• Are military reenactors allowed on ABMC cemeteries?
    • ABMC cemeteries are the sacred and final resting place of men and women who sacrificed their lives for freedom.  Many of these people fought bravely in their country’s uniform and some earned military decorations for their valor. ABMC’s position is that is it disrespectful for visitors to wear unearned U.S. military rank or decorations. Accordingly, reenactors displaying U.S. military rank or decorations will be asked to remove them prior to entering the cemetery grounds.  Additionally, the following restrictions apply at all ABMC sites: 1) Real or replica weapons of any kind are prohibited; 2) tracked vehicles of any kind are prohibited 3) if antique military vehicles are parked in ABMC parking lots, drivers must place an oil drain pan on the ground under the vehicle.  Cemetery staff has the ultimate authority to determine what is acceptable and visitors should contact the cemetery for clarification prior to visiting. Contact information for ABMC sites is located on ABMC.gov; specifically, on the dedicated page for each cemetery, monument, and memorial.

 

  • Are active-duty military personnel allowed to wear military uniforms in the cemeteries?
    • Actively serving military personnel, or veterans, may wear their uniform and/or earned decorations in accordance with current military regulations.
       
  • Is there are dress code or standards of conduct rules at ABMC sites?
    • ABMC sites are sacred commemorative shrines. We ask visitors to respect the reflective and peaceful intent of our sites in guiding their behavior and dress. Any behavior, or dress, that is considered disrespectful by cemetery staff will be communicated to visitors.  Visitors who persist in disrespectful behavior will be required to leave the site.  
       

 

Questions about Military Records, Awards, Statistics...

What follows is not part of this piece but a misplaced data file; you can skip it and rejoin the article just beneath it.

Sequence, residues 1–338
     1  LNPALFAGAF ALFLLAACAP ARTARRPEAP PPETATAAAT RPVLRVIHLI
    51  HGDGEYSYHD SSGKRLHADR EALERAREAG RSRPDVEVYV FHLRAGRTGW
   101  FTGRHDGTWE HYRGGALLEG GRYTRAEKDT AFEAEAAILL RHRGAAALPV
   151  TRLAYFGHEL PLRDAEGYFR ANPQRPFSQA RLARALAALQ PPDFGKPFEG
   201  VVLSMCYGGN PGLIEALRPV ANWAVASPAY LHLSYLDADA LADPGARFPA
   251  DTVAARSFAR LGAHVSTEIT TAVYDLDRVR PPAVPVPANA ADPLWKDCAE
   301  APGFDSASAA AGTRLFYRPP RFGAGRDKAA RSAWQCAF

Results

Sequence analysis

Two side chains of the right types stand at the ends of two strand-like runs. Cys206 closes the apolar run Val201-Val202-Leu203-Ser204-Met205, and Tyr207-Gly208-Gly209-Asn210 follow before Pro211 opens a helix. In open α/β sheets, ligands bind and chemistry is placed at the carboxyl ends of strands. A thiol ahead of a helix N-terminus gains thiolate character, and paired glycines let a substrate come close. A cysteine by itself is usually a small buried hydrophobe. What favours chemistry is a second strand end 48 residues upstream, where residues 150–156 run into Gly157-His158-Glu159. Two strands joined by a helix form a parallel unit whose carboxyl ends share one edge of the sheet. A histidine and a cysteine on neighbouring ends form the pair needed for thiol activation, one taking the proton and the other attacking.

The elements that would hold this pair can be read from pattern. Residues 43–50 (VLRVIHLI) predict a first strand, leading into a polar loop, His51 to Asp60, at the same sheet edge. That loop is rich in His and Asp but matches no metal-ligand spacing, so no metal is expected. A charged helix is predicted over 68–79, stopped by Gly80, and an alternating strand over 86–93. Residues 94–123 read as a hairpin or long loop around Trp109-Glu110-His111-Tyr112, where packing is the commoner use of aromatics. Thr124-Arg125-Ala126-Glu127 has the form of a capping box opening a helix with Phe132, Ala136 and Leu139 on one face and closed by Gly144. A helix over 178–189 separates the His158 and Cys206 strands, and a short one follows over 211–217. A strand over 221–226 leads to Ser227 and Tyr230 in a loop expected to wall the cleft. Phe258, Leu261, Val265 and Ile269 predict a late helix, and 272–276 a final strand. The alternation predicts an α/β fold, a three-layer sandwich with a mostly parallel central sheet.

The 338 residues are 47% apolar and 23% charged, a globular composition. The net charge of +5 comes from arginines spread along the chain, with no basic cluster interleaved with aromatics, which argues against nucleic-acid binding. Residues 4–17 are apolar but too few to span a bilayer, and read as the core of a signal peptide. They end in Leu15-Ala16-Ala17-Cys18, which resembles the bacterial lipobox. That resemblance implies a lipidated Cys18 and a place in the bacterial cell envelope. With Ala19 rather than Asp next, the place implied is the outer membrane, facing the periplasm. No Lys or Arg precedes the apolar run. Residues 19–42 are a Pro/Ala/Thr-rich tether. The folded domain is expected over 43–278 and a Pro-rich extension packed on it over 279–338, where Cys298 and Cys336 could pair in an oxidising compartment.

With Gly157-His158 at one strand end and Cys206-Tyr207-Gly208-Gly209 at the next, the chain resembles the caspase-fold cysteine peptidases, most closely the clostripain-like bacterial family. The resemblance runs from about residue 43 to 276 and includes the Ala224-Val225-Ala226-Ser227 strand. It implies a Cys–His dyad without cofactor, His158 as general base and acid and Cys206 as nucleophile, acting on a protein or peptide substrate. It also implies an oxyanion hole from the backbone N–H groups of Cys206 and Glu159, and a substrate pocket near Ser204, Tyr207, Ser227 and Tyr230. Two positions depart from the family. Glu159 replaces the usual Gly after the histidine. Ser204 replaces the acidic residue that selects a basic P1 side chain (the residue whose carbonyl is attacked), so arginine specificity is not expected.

• Where can I find information regarding a veteran who did not die during the war in which he or she served?
    • The U.S. National Archives and Records Administration holds the records of all discharged military personnel. Veterans and next of kin of deceased veterans can order copies of records online. Inquiries from individuals other than veterans and family members must be submitted in writing to the National Archives and Records Administration.

National Personnel Records Center
1 Archives Drive
St. Louis, MO 63138
Telephone: 314-801-0800

  • How can I locate a veteran?
    • ABMC does not maintain records relating to discharged veterans of the U.S. armed forces. You might find the information you are seeking by placing an advertisement in veterans’ magazines that have special reunion columns, or by searching online for relevant unit organizations.

 

Questions about Private Memorials and Isolated Graves

  • Is ABMC involved with private memorials?
    • We control the design and construction of U.S. military monuments and markers in foreign countries by other U.S. citizens and organizations, both public and private, and encourage the maintenance of such monuments and markers by their sponsors.

 

Questions about Prisoners of War and those Missing in Action

  • Why is the inscribed date of death of the missing in action frequently different than the date on which the decedent was declared missing?
    • Without confirmed information to the contrary, a War Department Review Board established the official date of death of those missing as one year and a day from the date on which the individual was placed in missing status.

 

Questions about the Korean War and Vietnam War

  • Are there any permanent overseas American military cemeteries from the Korean or Vietnam Wars?
    • No, all recoverable remains from the Korean and Vietnam Wars were returned to the United States for interment at national or private cemeteries.

 

Questions about the ABMC Database

  • Why can’t I locate certain names of war dead in your database?
    • Our database contains only the names of those interred or memorialized at ABMC cemeteries and memorials. The database does not contain the names of war dead returned to the United States for permanent interment at national or private cemeteries.